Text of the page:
Composite pleomorphic xanthoastrocytoma (PXA)-ganglioglioma (GG) is a rare recently described entity. Only three examples have been documented, one of which showed evidence of malignant transformation. We report an additional four cases and update the literature. With the exception of an 82-year-old man, all patients have been under 30 years of age. The temporal lobe was involved in three cases and cerebellum in another three. Radiologic features were those common to PXA and GG. Histologically, all were 'collision tumors' composed of abutting, although spatially distinct, PXA and GG components. In two cases, the second element was only recognized at reexcision or recurrence. Histologic anaplasia, always in the PXA component, was evident as brisk mitotic activity and/or necrosis in five cases. Of the seven patients, one died of disease 17 years after the onset of seizures and after multiple recurrences, the last of which largely resembled glioblastoma. We conclude that the composite PXA-GG is a rare neoplasm that shares many features of its individual components. In addition to its temporal lobe predilection, the cerebellum is frequently affected. As when it occurs in isolation, the PXA component of composite PXA-GG possesses the potential for malignant transformation.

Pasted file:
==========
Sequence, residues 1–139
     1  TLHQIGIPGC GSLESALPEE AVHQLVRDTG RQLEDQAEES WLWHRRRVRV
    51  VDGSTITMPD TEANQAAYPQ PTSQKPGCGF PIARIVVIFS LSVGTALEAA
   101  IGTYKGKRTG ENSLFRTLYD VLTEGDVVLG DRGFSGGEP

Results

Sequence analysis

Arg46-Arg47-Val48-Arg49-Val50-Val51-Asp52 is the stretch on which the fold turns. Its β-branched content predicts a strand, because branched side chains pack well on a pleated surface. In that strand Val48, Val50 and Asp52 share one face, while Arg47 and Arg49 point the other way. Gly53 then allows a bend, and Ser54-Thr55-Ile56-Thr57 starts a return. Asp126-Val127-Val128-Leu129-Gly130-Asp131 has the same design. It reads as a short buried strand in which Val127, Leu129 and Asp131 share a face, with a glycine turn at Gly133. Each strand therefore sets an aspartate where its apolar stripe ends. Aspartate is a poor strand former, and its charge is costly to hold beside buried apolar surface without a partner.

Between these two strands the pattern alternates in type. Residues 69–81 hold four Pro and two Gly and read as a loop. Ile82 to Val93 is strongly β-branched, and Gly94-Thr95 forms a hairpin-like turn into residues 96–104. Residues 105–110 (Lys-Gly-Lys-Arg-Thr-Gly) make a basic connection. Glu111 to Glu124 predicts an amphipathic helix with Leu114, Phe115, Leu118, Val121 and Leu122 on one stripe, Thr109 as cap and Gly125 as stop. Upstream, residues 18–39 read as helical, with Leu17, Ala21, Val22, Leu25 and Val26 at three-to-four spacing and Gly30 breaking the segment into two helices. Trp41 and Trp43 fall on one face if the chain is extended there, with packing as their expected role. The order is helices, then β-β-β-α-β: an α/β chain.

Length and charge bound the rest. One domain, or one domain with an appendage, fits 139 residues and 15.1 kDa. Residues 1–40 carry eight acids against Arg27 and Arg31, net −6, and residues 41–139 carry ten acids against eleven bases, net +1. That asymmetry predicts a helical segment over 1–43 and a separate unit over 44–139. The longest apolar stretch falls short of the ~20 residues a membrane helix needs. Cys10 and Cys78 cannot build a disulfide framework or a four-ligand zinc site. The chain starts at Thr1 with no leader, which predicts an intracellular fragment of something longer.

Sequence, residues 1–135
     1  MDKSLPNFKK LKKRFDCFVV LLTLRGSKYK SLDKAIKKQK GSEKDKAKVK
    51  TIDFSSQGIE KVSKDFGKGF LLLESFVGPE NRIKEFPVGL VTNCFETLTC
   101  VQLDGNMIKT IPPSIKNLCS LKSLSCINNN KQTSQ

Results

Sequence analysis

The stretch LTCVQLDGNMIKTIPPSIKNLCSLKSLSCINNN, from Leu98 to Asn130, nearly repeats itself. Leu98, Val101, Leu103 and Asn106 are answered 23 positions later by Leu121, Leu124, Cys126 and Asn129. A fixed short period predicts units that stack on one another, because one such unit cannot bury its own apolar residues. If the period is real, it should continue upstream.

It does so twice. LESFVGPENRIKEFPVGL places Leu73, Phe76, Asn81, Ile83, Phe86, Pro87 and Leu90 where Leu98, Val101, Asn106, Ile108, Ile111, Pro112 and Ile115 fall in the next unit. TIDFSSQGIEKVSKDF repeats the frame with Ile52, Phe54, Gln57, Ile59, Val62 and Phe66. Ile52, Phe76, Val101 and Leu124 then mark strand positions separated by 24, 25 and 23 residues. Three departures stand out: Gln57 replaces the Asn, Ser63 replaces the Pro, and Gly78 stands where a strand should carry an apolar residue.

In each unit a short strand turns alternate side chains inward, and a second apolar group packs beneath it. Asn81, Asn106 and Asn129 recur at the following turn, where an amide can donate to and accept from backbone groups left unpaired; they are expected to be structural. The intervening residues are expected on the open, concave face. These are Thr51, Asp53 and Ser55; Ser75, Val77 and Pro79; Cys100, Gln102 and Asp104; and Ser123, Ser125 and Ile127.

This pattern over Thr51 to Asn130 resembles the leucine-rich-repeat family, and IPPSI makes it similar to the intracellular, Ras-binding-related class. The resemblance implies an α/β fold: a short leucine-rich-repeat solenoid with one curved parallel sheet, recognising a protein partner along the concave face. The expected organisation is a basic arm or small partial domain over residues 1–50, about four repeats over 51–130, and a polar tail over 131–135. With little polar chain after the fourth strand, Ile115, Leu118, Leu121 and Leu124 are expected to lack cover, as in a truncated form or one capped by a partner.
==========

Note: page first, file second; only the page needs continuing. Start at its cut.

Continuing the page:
- Anaplasia Immunohistochemistry
- Collision tumor
- Glioneuronal neoplasm
- Pleomorphic xanthoastrocytoma
ASJC Scopus subject areas
- Pathology and Forensic Medicine